The Cancer Control Branch and UC Davis recently co-sponsored the 5th Asian American Cancer Control Academy,
which drew 450 public health experts and community leaders from around the country to Sacramento. Kurt
Snipes, chief of Cancer Control Planning, Research and Disparities for DHS, served as academy superintendent.
In addition, DHS staff provided extensive administrative support. And DHS research was prominent at the
academy. Included were reports on tobacco use, diet and exercise patterns, and cancer incidence and mortality
among Asian Americans in California.
Through AANCART, UC Davis Cancer Center and DHS have worked together to host quarterly cancer education
sessions for Sacramento's Asian American population, attracting about 125 people to each session.
With AANCART as a model, UC Davis Cancer Center and DHS are now developing new cancer-control initiatives
targeted at Sacramento's African American, Hispanic and Native American communities.
"It is personally very rewarding for me to do on-the-ground work with UC Davis folks," Bal
Making the effort to change community norms, however well meaning, can bring plenty of heat especially
when it comes to messing with the like of big tobacco companies.
"But," Bal says, "if people are injuring themselves, it's incumbent on us to point out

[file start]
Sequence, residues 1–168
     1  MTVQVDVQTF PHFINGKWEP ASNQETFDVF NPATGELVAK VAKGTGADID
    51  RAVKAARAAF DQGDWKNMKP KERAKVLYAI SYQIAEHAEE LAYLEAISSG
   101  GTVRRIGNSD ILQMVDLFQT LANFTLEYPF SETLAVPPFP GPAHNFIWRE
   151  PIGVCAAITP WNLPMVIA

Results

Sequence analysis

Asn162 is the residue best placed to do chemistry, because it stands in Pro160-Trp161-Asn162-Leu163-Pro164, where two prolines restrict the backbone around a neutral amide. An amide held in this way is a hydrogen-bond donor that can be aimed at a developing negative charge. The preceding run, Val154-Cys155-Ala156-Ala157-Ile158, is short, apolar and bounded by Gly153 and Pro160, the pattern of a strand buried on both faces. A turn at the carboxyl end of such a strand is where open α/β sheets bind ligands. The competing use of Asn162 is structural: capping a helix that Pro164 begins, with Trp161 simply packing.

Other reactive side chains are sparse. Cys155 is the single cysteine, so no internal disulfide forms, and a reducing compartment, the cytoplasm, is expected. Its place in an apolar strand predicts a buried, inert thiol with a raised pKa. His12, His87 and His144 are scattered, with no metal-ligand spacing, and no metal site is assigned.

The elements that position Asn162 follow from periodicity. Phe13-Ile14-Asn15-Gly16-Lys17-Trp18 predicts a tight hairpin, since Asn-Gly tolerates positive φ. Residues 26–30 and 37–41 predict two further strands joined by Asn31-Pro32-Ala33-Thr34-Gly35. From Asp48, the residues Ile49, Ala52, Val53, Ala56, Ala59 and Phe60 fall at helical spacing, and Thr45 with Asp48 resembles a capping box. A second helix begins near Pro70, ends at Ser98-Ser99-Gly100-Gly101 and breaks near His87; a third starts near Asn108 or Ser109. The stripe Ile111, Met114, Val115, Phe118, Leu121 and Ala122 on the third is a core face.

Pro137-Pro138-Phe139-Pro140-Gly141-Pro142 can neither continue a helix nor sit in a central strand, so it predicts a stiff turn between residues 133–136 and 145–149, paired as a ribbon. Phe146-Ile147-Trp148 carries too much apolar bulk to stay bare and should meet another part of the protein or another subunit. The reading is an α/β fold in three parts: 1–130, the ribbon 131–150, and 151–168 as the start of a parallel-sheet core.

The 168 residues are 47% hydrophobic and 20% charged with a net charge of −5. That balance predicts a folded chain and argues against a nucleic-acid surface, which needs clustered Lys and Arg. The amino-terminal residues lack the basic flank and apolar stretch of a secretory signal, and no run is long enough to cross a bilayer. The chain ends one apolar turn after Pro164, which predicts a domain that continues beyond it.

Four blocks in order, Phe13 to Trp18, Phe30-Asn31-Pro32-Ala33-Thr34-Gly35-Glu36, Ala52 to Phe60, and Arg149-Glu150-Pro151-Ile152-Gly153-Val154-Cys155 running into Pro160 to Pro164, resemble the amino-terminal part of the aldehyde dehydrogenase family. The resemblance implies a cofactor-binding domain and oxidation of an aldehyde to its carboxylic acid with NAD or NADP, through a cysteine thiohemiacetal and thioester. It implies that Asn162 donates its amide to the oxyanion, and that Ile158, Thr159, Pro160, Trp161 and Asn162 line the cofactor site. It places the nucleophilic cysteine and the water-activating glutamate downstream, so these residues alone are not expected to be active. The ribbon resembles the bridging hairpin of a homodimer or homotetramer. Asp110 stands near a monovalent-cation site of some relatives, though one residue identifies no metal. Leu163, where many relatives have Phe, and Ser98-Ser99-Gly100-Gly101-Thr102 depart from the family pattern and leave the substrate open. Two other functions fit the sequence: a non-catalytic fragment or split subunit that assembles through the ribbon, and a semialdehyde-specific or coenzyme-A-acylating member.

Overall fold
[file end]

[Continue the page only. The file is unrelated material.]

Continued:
alternate ways of operating. That's what we do.
"Do people get upset? Sure. Does it faze us? No."
Bal says success is the key to getting things done in a shifting political landscape. "When you've
done things as controversial as we have, you have to have successes in order for people to back off. In
television and radio, you're only as good as your last Nielsen (ratings). Happily, the ratings for our
anti-tobacco ads have been phenomenal.
"Tobacco use in California has plummeted. But the proof is in the pudding cancer rates in
California, which were lower than the rest of the United States to start with, are in an accelerated decline.
"We calculate that the net savings from our plummeting tobacco use rates is something like $8 to
$10 billion for California. So we have some capital built up."
For his part, Bal, 59, says he plans to retire in four or five years. He's not sure just what he'll do
yet, besides spending time with his wife, Muktha, and their children, Sarah and Vijay.
Rest assured, however, that ever the team player Bal will only be a phone call away. "If
anyone needs me in the cancer control fight," he says, "I'll be there."